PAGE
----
Emerging market share prices have generally recovered somewhat from their lows earlier in the year. The exception has been China, where shares have fallen on concern that interest rates may have to rise significantly to contain inflation. Renminbi denominated China-A shares are down around 40 per cent since their peak in October 2007, prompting local authorities to cut transaction taxes in an effort to stem the decline.

Exchange rates

The major development in foreign exchange markets in the period since the last Statement is the continued depreciation of the US dollar against most other major currencies (Table 4). On a nominal trade-weighted basis the dollar reached a three-decade low, while the real effective exchange rate is close to the trough reached in 1995 (Graph 27). The dollar reached a post-war low against the euro during April before rebounding in recent weeks (Graph 28).

The Japanese yen also appreciated against the US dollar, reaching its highest level since the trough of 1995. Growing risk aversion over ongoing strains in financial markets and the state of the US economy resulted in an unwinding of carry trade positions. This was reflected in an increase in the volatility of low-yielding currencies such as the Japanese yen and Swiss franc. As the de-leveraging process progressed, the Swiss franc exceeded parity against the dollar for the first time. However, the improvement in sentiment towards the US dollar in April has seen the dollar pare back losses against these low interest rate currencies.

Emerging market currencies have been mixed against the US dollar (Graph 29). The Chinese renminbi continued its slow but steady appreciation against the US dollar. Pricing in the non-deliverable forward market indicates that the market currently expects the renminbi to appreciate by a further 8 per cent over the next year. The Brazilian real appreciated after interest rates were raised for the first time in around three years. The Singapore dollar gained after the central bank raised the trading range on the currency. In contrast, the South Korean won depreciated sharply against the dollar, as foreign investors sold equities on general risk aversion and concerns the slowdown in the US will dampen external demand.

Australian dollar

The Australian dollar has appreciated against most major currencies since the last Statement, reaching a 24-year high against the US dollar of just under 95½ cents in April (Graph 30, Table 5). The appreciation reflects both the broad-based US dollar depreciation and a general increase in investor risk appetite, although the currency remains sensitive to developments in global financial markets, particularly equity markets. This is reflected in the continued high correlation between the Australian dollar and equity market indices (Graph 31). On a trade-weighted basis, while rising by 5 per cent since the last Statement, the Australian dollar is still below the multi-year highs reached late last year.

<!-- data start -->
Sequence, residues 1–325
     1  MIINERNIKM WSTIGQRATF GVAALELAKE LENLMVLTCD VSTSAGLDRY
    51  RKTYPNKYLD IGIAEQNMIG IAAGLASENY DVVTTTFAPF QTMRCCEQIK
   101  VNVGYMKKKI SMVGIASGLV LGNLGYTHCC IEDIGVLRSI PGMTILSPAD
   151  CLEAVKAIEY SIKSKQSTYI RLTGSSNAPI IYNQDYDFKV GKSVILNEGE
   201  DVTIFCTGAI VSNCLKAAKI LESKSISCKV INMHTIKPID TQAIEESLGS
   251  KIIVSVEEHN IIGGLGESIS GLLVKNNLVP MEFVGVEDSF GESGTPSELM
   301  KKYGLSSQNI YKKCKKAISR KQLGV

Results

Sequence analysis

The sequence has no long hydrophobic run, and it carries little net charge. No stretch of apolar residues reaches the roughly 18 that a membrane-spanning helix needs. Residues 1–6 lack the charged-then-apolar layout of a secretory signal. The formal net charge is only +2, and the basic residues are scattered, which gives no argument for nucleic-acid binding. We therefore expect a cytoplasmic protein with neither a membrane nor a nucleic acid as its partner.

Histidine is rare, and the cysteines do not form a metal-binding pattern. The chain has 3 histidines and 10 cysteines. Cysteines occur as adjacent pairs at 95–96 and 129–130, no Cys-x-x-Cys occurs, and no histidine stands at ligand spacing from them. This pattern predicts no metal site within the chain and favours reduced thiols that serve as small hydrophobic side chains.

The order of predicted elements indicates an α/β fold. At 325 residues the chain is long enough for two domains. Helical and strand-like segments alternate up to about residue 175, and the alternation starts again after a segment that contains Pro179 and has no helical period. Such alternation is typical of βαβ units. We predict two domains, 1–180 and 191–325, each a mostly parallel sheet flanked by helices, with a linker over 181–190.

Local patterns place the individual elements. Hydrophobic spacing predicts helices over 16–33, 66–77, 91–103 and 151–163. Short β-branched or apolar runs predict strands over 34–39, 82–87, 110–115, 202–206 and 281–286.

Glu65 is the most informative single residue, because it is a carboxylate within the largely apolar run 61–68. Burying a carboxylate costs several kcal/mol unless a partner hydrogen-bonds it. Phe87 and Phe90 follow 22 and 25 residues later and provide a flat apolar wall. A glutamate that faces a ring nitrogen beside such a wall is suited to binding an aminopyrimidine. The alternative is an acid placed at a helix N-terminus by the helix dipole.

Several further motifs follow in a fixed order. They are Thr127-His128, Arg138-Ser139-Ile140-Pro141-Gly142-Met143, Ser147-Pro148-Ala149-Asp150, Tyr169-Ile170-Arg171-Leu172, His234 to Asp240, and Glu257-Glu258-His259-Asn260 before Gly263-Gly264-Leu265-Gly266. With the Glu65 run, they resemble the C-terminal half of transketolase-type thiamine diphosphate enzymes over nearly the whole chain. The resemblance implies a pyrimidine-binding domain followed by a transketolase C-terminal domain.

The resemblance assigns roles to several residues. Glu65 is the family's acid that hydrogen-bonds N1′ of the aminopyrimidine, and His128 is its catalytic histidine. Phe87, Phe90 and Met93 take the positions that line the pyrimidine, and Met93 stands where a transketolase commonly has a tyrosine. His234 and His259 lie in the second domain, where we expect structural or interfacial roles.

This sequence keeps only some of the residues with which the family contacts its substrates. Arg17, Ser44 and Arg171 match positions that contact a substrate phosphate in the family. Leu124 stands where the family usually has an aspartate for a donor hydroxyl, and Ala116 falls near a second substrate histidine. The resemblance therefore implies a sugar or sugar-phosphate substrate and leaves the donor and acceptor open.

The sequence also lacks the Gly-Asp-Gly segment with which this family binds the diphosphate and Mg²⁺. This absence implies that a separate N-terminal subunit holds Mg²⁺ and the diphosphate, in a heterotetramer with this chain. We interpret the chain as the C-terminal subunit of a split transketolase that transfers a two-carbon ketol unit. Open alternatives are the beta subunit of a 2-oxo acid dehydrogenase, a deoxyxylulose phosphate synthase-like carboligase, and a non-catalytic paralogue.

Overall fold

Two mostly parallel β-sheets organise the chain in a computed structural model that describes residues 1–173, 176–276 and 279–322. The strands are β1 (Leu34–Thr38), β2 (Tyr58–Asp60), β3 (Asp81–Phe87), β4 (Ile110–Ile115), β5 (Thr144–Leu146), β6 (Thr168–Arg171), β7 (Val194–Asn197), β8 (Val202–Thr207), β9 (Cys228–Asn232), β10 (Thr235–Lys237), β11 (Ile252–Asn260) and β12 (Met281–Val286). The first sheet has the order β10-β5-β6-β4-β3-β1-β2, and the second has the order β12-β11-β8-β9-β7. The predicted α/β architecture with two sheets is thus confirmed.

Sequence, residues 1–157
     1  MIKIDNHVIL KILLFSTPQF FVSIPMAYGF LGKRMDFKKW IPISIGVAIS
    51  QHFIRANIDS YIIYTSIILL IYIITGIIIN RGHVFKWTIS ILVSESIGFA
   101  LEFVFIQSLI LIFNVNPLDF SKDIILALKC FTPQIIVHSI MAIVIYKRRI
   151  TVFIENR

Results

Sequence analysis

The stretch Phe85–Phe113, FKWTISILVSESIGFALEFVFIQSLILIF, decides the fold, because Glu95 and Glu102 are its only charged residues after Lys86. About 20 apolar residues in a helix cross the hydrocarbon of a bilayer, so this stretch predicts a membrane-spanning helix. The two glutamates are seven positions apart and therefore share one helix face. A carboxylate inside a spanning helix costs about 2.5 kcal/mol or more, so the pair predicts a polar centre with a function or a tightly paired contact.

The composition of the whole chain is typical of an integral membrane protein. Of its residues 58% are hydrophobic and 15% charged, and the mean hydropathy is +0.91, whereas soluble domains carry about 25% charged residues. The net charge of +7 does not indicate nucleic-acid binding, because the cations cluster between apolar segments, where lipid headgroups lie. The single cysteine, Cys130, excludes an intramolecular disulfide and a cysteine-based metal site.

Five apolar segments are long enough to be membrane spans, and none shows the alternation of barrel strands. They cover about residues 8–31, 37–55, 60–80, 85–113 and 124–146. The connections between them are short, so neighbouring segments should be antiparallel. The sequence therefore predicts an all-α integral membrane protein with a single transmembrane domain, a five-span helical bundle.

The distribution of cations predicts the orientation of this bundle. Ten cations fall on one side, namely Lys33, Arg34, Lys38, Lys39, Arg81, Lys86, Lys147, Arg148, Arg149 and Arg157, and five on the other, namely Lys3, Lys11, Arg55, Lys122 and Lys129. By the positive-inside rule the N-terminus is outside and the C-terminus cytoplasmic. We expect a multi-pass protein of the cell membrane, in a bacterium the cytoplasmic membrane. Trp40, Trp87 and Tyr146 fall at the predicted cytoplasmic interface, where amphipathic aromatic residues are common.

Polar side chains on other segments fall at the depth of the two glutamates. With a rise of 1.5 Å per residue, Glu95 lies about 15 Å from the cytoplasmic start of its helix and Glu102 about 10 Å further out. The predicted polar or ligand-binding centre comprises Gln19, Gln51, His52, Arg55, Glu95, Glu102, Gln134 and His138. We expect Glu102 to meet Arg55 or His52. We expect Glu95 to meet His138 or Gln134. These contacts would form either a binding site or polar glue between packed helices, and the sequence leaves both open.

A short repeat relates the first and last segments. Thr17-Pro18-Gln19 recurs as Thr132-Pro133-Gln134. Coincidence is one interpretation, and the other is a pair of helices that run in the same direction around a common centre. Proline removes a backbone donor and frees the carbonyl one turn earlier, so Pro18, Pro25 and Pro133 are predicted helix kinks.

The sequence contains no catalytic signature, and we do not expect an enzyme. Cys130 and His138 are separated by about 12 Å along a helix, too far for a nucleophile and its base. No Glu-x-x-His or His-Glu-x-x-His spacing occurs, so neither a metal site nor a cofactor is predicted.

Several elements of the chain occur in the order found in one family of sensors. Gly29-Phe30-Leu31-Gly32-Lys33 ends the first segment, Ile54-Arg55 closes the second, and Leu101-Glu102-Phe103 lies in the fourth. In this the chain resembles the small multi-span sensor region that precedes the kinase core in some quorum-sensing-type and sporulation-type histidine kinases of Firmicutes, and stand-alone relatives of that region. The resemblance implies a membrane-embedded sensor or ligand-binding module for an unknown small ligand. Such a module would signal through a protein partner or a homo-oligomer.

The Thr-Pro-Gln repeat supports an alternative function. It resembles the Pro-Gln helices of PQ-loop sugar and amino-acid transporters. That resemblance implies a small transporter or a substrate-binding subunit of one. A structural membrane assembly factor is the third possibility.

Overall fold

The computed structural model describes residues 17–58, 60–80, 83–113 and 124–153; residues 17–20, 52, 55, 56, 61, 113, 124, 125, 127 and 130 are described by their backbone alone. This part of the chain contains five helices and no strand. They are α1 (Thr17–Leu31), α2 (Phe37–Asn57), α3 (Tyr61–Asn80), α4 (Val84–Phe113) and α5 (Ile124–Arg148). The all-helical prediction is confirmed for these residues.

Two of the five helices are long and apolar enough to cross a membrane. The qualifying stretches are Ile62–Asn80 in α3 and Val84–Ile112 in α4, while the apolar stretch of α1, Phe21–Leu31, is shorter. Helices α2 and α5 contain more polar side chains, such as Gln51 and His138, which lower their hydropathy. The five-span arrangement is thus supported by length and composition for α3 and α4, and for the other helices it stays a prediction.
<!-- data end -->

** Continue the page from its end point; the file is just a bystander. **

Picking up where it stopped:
Over the past 3 months, the Australian dollar has also been supported by strong commodity prices, including the announcement of higher contract prices for iron ore and coal, which led to expectations of a strong increase in the terms of trade in 2008. As has been the case in recent years, positive interest rate differentials and strength in the local economy also provided support. These factors have attracted private capital inflow, although this slowed noticeably in the second half of 2007 (the most recent data available), largely reflecting the turmoil in global financial markets.

Australian dollar volatility increased in March, but remained below the peaks reached in late November 2007. Since then, volatility has declined, and is now at around its post-float average. There have been substantial intraday movements in the local currency in both directions from around mid 2007. Since the last Statement, the Australian dollar has traded in an average daily range of US1.1 cents. This is modestly lower than the preceding three-month period, but still above the long-term average (Graph 32).

With the Australian dollar reaching a 24-year high against the US dollar, the Bank has continued to purchase foreign exchange. The Bank has made net foreign exchange purchases of around $660 million since the previous Statement, and net reserves now stand at around $36½ billion.


For more details, refer to ‘Box B: The ABX.HE Credit Default Swap Indices’, RBA Financial Stability Review, March 2008, pp 18–22. [1]